Tuesday, April 12, 2011

L is for: Lexington

...U.S.S. Lexington to be more specific.

8 Inch guns on a carrier? Yes! Lex and the Saratoga were the only ones

No not that one, though it's a story worth reading. CV-2 was a very cool ship.


Worth a trip if you get the chance


No not that one either although CV-16 survived long enough to become a museum now in south Texas.

Remastered!


Ah, there we go - this is a gaming blog and not a naval history blog (though that's an area of interest for me) so we're going to talk about the fictional U.S.S. Lexington from Star Trek.


The Trek MMO is, if nothing else, a beautiful game


Star Trek the role-playing game came out in 1982 in a big boxed set with a thick (for the time) rulebook, counters, control sheets, and deck plans for Federation and Klingon cruisers. Fasa really did it right.  For a Trek fan it was heaven. Keep in mind that this was 5 years before the whole Next Generation started up. We had the original series (viewed many many times), we had the animated series (viewed when possible), we had novels (very hit and miss) and we had two movies, the second of which was liked even by non-trek fans in many cases. That was it - no internet archives, no computer or video games. We had reference material like the Star Fleet Technical Manual and the episode guide books but we had to hunt that stuff down. The RPG drew from all of that and put it in one place and made a lot of us very happy.


I won't get into mechanical details but it was a good system, one I would be happy to play or run again today. Characters could be from a number of races and went through a career system much like Traveller's character generation system giving them a nice little history to go along with their stats. The game was set completely in the time of the original series and so action was a bigger part of things than in some later incarnations. My first character was a human science officer that lasted throughout my playing career with Fasa Trek and I still have his sheet.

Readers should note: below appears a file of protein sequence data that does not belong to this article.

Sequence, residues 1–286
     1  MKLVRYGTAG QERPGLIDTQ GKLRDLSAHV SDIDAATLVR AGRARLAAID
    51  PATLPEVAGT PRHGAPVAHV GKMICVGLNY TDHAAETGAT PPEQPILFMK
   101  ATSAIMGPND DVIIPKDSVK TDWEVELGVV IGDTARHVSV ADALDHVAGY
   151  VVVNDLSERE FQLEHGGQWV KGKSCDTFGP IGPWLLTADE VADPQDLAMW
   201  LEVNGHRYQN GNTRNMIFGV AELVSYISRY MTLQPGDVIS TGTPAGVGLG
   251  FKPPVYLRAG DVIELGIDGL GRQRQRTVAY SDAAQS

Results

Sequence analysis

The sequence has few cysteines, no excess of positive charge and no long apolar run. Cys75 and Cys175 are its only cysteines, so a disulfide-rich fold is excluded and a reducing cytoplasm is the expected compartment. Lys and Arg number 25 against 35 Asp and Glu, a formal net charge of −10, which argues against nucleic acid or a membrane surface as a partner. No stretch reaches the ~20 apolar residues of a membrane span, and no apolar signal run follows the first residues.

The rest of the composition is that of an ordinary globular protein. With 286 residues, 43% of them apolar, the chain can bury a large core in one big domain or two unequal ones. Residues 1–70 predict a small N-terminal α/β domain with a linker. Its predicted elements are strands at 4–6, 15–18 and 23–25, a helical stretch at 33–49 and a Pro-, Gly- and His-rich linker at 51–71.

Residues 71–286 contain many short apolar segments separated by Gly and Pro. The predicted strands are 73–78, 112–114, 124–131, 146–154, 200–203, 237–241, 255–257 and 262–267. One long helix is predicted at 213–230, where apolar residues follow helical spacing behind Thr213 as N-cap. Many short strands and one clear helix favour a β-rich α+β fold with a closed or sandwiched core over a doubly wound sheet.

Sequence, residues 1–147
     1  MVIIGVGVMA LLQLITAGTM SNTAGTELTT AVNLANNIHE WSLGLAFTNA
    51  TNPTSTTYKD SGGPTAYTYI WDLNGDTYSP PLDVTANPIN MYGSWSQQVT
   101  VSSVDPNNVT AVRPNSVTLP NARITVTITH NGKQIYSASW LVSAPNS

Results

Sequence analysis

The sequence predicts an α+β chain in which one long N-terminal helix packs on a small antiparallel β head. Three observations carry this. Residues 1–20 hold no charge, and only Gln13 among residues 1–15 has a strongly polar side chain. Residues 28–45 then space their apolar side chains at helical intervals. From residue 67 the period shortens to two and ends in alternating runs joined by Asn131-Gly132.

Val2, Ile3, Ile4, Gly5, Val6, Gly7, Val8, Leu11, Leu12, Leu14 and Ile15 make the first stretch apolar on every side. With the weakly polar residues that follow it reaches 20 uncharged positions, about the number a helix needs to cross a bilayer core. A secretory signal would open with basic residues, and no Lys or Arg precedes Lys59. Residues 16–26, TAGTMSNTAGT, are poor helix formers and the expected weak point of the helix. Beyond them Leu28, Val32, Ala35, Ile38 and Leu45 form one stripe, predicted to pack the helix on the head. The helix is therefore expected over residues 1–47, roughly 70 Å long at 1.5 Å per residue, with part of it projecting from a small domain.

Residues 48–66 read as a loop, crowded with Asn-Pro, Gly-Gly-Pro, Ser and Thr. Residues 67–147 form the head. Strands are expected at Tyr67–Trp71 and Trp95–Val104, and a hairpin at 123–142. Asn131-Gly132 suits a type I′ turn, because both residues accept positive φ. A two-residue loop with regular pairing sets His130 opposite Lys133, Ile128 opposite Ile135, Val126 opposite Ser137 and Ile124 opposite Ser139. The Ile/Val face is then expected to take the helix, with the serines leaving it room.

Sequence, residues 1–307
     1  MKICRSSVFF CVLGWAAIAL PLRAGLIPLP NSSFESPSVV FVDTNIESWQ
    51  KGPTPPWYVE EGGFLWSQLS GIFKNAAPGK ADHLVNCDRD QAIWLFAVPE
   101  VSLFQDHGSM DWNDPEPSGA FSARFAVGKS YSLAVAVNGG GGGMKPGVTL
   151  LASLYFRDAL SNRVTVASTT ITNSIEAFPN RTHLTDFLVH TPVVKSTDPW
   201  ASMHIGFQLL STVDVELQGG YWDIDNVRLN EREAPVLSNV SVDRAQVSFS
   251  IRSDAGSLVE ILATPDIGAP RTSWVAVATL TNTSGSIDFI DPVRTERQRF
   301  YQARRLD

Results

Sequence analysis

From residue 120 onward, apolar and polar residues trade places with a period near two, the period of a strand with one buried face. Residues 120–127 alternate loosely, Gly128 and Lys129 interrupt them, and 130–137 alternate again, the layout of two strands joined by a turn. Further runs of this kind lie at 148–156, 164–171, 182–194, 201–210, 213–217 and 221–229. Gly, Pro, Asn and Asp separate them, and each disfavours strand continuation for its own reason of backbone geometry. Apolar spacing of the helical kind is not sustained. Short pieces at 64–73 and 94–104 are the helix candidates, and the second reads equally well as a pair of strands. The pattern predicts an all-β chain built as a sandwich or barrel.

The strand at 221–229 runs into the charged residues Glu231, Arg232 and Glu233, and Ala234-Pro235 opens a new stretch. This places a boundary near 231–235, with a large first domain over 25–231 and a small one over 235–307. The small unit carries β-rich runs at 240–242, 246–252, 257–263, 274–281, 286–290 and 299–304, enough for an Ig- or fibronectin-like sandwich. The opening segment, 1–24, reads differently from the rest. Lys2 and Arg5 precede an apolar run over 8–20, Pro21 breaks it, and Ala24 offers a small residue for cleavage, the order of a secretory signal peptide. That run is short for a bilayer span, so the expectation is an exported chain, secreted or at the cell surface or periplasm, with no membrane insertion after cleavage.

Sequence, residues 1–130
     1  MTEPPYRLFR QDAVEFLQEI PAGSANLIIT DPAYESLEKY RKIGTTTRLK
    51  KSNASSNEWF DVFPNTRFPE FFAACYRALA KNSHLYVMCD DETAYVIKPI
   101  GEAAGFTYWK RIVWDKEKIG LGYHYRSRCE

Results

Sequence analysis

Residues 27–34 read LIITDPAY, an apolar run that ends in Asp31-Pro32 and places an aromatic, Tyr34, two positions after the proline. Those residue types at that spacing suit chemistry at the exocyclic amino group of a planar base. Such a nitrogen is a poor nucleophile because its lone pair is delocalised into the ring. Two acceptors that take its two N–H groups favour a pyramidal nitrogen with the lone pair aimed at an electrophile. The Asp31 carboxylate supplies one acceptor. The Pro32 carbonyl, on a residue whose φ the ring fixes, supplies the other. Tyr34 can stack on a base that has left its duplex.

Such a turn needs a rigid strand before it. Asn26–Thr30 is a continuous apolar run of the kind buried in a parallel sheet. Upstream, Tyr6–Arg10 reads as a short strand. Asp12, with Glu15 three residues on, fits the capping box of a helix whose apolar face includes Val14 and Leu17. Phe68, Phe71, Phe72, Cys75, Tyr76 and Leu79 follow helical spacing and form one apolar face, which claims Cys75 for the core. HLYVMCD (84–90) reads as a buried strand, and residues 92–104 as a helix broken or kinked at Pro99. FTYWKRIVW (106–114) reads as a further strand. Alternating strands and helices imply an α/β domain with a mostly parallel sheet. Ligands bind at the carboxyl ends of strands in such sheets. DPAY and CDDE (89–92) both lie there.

Now that is not his name. I ran into a little problem here in that I used my actual name spelled backwards for his character name. This was a popular thing to do in the early 80's and I can probably blame Gary Gygax and his love for anagrams infecting my D&D games. I can also blame a friend who played Traveler who named his character "Repik" - his name backwards - and drew a bunch of pictures of his character doing cool things. So anyway his name is not Captain Wolfcastle but I used that in the Star Trek MMO so we will use it here.


Anyway Captain "Wolfcastle" had a long and glorious career. There were really three phases: the first few sessions before he was given command of a starship, then the majority of the game where he was in captain of the Lexington during the original series era, and then the movie era where the universe starts to change in many ways. His three greatest moments are recounted below:

  • Early in his career (right after assuming command of the Lexington) he was captured and imprisoned along with his helmsman on a Klingon D-7.  Using the "I'm sick jailer, help me" trick (which I thought was very clever at the time) he escaped and with the help of many, many liberated disrupter rifles he caused serious harm to the ship, allowing the Lex to locate it and capture it without a fight.